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DCI Introduces Swahili Briefs Due to Increased ‘Public Demand’

DCI
Eight detectives from the DCI's Corporate Communication & Public Affairs unit who recently finished training at the Kenya Institute of Mass Communication,(KIMC) [Photo/Courtesy]

The Directorate of Criminal Investigations (DCI) has introduced a Swahili version of its online briefs that have become popular over the recent past.

The briefs shared on the DCI’s Facebook and Twitter pages communicate the agency’s efforts in the fight against crime in the country.

The florid and Shakespearean style of writing adopted by the George Kinoti-led directorate can be attributed to the success of the agency’s communication to members of the public.

To even reach more people, DCI announced on Thursday night the introduction of pieces written in the local Swahili language.

Kinoti noted that the launch was also informed by the increased demand and the need to meet the ‘expectations of our audience, since Swahili is also our official language’.

Read: DCI Warns The Public Against Fraudulent Online Businesses

“In order to ensure that we effectively communicate with our audience from all corners of the country, the Directorate of Criminal Investigations has officially introduced Swahili versions of our daily briefings on crime,” a statement from the DCI boss reads.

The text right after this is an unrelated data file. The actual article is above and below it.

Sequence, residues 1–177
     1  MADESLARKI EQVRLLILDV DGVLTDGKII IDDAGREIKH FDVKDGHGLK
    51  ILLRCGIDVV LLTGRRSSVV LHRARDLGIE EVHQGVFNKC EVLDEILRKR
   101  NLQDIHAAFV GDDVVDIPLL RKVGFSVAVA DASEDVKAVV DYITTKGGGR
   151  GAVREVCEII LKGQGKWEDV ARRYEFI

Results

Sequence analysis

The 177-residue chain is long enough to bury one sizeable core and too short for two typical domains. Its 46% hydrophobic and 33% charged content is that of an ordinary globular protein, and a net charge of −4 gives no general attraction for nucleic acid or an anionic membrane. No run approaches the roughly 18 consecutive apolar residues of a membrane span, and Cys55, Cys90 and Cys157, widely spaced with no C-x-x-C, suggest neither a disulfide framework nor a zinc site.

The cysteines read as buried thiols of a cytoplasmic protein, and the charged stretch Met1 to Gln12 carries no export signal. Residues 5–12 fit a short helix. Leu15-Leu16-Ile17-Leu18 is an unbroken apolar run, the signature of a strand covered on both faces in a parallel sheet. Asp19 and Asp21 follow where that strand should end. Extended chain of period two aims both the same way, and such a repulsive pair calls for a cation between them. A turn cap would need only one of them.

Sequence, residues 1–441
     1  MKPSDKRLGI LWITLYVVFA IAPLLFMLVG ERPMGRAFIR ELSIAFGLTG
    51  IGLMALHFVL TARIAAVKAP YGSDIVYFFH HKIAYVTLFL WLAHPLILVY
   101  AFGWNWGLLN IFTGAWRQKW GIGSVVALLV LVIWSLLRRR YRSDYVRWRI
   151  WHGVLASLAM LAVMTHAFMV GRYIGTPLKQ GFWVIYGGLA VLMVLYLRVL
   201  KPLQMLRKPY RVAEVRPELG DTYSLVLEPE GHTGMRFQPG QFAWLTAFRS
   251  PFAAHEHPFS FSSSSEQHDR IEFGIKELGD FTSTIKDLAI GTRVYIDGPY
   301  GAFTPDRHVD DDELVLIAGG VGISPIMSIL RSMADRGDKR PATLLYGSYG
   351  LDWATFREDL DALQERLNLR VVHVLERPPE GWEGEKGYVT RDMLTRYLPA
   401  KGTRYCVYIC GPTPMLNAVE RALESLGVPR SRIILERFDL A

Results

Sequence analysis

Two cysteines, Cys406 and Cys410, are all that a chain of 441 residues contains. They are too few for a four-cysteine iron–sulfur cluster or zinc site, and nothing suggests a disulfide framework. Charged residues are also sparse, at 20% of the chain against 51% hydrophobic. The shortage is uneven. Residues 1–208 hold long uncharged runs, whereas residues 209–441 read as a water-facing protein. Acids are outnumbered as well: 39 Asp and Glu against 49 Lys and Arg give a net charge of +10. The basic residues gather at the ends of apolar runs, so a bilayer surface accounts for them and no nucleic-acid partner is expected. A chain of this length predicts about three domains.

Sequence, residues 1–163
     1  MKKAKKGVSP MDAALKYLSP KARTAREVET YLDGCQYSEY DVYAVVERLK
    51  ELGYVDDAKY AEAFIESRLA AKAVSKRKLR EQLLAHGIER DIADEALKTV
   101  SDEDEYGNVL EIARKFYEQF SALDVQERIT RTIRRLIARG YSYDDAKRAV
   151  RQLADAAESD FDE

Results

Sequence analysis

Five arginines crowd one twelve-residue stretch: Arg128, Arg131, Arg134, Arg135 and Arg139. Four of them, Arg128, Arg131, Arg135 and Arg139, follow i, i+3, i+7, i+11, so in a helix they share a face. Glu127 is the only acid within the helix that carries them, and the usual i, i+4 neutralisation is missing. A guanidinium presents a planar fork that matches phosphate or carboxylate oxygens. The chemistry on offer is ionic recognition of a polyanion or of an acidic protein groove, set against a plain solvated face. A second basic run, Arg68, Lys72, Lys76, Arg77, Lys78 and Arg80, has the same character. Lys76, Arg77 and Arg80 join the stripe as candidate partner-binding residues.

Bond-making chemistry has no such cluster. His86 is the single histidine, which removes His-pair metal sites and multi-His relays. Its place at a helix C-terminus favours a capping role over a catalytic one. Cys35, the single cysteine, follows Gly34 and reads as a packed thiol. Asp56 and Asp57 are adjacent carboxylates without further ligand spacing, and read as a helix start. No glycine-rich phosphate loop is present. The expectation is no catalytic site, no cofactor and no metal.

“…In this regard, every English post shall be followed by a Swahili version of the same.”

A week ago, DCI revealed that eight detectives based at DCI’s Corporate Communication & Public Affairs unit had been conferred with certificates in advanced media production.

The ceremony was held at the Kenya Institute of Mass Communication,(KIMC) in Nairobi on Thursday, September 30.

Also Read: Nairobi Gets New DCI Commander In Latest Reshuffle

The DCI boss said the detectives underwent an intensive media training programme that was specifically tailored to fit the needs and requirements of the crime investigation agency.

“This is the first time that the National Police Service and DCI in particular has offered professional training to police journalists and it exemplifies the importance that DCI attaches to effective communication, in order to bridge the gap that has for a long time existed between us and the public,” said Kinoti.

The department was launched as part of efforts to give the state agency a human face.

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Written by Wycliffe Nyamasege

Email news@kahawatungu.com

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